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Macedonian Slavs Protest Concessions to Ethnic Albanians

Hundreds of angry Macedonians marched through the capital Monday to protest expected concessions to minority ethnic Albanians in peace talks aimed at ending a rebel insurgency and averting civil war. 

Chanting, "This is Macedonia," and other slogans, demonstrators walked past the local offices of NATO, the Organization for Security and Cooperation in Europe, and the European Union, which is helping mediate negotiations for a political solution to the crisis. 

The talks continued Monday for an eighth straight day between the feuding parties representing majority Macedonians and ethnic Albanians who are pressing for broader rights and more political influence in the former Yugoslav republic. 

Protest organizer Tomislav Stojanovski told The Associated Press that the demonstrators were demanding meetings with U.S. envoy James Pardew and his EU counterpart, Francois Leotard, who helped draft the peace plan. 

"We want to tell the people who dictate terms of peace that we need protection from those who started the war," Stojanovski said. 

Macedonia's crisis began in February, when militants from the ethnic Albanian community took up arms and clashed with government forces, prompting the international community to intervene diplomatically in hopes of heading off the threat of a new war in southeastern Europe. 

Earlier this month, NATO and the EU mediated a cease-fire, and Pardew and Leotard arrived to try to broker an agreement. Key provisions would introduce Albanian as the second official language, change the country's constitution to upgrade the status of the minority and guarantee better representation of ethnic Albanians in the government, police, army and education.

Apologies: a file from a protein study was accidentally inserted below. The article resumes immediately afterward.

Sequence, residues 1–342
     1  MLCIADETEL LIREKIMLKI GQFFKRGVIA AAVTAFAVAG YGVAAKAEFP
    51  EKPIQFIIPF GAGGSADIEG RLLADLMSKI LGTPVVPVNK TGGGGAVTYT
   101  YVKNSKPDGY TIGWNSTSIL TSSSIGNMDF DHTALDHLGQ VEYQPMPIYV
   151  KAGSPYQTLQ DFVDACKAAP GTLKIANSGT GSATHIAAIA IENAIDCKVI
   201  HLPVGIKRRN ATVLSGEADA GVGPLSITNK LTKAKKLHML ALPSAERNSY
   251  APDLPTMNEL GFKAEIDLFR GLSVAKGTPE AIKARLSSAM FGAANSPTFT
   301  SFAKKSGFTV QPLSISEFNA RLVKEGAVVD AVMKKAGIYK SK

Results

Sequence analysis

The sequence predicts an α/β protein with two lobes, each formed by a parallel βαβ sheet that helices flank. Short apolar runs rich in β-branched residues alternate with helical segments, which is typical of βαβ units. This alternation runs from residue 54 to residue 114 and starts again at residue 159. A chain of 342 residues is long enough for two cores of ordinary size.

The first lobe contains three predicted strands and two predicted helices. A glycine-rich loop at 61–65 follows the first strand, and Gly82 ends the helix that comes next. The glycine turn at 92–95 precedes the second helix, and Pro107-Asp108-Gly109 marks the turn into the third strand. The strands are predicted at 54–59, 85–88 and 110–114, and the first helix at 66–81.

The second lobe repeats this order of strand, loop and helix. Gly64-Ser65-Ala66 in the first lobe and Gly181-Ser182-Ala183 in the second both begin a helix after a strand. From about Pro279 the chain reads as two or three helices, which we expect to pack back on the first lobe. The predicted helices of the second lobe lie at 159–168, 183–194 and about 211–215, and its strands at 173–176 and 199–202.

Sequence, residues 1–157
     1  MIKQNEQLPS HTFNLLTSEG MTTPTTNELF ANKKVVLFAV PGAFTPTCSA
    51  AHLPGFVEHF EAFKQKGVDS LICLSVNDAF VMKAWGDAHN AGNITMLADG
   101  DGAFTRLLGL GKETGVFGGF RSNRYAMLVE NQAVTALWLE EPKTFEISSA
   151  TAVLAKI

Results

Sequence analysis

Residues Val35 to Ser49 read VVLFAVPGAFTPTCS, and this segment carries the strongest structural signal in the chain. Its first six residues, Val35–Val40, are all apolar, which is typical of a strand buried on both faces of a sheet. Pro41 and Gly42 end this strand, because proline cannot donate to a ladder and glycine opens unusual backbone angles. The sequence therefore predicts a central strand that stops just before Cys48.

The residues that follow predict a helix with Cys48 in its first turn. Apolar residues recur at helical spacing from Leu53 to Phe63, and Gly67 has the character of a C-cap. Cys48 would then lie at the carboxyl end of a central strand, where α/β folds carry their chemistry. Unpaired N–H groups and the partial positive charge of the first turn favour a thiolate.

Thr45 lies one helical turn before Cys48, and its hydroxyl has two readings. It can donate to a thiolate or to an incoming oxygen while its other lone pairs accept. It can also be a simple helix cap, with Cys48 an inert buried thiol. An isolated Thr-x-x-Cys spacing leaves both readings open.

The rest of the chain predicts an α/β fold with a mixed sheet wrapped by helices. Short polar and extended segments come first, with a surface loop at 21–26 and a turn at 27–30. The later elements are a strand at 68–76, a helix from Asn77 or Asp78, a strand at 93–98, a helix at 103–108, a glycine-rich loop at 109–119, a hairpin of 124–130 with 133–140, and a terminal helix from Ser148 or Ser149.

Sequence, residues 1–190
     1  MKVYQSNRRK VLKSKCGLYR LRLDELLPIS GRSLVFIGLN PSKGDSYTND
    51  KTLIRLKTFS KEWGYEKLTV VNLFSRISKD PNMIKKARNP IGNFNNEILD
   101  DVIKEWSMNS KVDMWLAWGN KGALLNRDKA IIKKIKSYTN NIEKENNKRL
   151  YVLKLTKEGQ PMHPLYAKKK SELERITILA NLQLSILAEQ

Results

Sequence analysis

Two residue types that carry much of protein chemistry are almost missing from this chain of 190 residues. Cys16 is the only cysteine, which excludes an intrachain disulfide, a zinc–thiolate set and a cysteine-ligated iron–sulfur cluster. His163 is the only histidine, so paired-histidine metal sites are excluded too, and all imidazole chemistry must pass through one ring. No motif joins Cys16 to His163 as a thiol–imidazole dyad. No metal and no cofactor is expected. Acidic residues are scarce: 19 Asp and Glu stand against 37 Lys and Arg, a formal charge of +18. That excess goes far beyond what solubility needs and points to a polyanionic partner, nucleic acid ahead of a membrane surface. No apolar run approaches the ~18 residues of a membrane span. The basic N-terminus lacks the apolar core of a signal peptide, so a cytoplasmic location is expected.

Ethnic Albanians account for nearly a third of Macedonia's 2 million people, and they have bitterly complained of treatment as second-class citizens. Many Macedonians see their demands as a strategy to divide the country and ultimately carve out an ethnic Albanian mini-state. 

Monday's protesters mostly came from the northwestern city of Tetovo, where ethnic Albanians form a local majority and support the rebels who still control a string of villages near Macedonia's second-largest city. 

Hundreds of Macedonians — the majority ethnic group of Slavic origin — have been forced out of their homes in the area. Many participated in the protest, chanting, "Macedonia for Macedonians," "No changes to our constitution" and "We want our homes back." 

The OSCE mission chief in Skopje, Carlo Ungaro, appeared in front of his office near the protest crowd and spoke briefly to reporters, calling the Macedonian demands to return to their homes "a very legitimate request." 

He said the OSCE was "very much concerned for places in which Macedonian people are in the minority ... one of our aims is to protect minorities." 

Tens of thousands of people on both sides have been displaced by the fighting. Many ethnic Albanians have fled over the border into Kosovo, a predominantly ethnic Albanian province of neighboring Serbia. 

If the rival sides agree on a peace plan, some 3,000 NATO troops would deploy to oversee the disarmament of the rebels, who number between 4,000 and 6,000 according to Macedonian government estimates. 

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